Thank you for inviting me in to conversation. I have to say I think that fashion and style is quite a personal thing for me and very much linked to phases I go through. I somehow seem to either go casual for years or more dressy. Rarely a fusion of the two, I’ve been in a casual phase for ages. I think it might be time to unlock the dressy up vintage cupboard – but with something of a twist.

What do you think of African fashion? And its evolution?

I think it depends on which part of the planet you view it from. I’m aware of a longer-lasting explosion of interest in African fashion – particularly outside the continent. The amount of kick-ass designers who are fusing, splicing and deconstructing what they or others may see as traditional African looks, colours and aesthetics is amazing. I also love the fact that you have fashion thinkers like Jackie Shaw, whose African Fashion guide site is a wonderful vehicle for her eco-entrepreneurship.

Today, we have the emergence of many African fashion weeks in many countries — this evolution is the proof of the existence of African fashion. Should African designers be present in “regular” fashion weeks, is there any discrimination?

Both platforms are fine. Talent is talent and if there are opportunities to showcase evolving creativity on various stages then it’s great for exposure, growth and inspiration. I think there’ also something valuable about being able to sidestep your comfort zone as a designer.

What are your hopes for African design?

I have big hopes for African design. To be a successful designer anywhere is seriously hard work in terms of resources, sales, recognition etc. It would be great to see a wider range of designers going on to become dons and doyennes of their industry and having future international generations saying things like, I learnt my fashion design craft at the House of so and so in Zimbabwe, Accra, Ethiopia … or wherever.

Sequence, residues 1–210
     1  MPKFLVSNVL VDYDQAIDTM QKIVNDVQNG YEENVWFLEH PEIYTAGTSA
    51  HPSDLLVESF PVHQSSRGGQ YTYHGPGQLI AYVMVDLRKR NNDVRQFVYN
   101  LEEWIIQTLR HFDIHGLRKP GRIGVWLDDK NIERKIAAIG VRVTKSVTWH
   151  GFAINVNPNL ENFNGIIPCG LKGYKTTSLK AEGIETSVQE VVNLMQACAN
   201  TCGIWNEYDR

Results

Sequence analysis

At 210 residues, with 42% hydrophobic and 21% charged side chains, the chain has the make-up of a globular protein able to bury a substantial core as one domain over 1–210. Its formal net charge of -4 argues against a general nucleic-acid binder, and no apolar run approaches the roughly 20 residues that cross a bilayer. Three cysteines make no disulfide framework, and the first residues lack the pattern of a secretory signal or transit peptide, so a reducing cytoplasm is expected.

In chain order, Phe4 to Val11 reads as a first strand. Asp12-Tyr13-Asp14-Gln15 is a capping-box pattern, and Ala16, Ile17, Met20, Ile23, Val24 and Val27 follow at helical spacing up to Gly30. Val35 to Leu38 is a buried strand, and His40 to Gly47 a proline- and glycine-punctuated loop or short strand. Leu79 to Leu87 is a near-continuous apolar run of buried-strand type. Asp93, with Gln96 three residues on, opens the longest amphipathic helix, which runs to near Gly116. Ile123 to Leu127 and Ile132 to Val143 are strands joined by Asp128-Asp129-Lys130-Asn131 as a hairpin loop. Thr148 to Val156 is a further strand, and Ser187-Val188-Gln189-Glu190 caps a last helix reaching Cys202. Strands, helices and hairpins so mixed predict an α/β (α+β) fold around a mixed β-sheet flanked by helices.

How does it feel to be featured in Pret-A-Poundo?

Feels great! I tend not to get approached by fashionistas because that’s not a world where people would place me, so I’m a little bit chuffed to be up there with the rest of the Prêt-À-Pounders.

What are your upcoming projects?

Afrofuture’s just on the horizon. I’m also trying to hit more writing deadlines and then I’ll turn to updating my patiently waiting-in-the-wings website as well as nurturing content for another online portal.

Describe Nana Ocran in one word.

Chatterbox.

A word about Okayafrica. Okayafrica is …

…an inspiring breath of fresh African air.

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Image supplied by Candice Chirwa.

In Conversation with Candice Chirwa: 'Menstruation is More than Just Bleeding for Seven Days.'

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It's 2020, and naturally, tremendous advancements have been made across various spheres of society. From the prospect of self-driving cars and drones delivering medicines to rural areas to comparatively progressive politics and historic "firsts" for many disenfranchised groups, we've certainly come a long way. However, in the midst of all that progress, there is still one issue which continues to lag behind considerably and consistently, particularly in less developed countries: menstruation.

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And when Chirwa isn't collaborating with Lil-Lets, one of the biggest sanitary product brands on the continent, or co-authoring a bad-ass book titled Perils of Patriarchy, she's dominating the TEDx stage and making sure that her audience, no matter how diverse or varied, leaves the room feeling comfortable and courageous enough to boldly shout the word "vagina".

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This interview has been edited for length and clarity.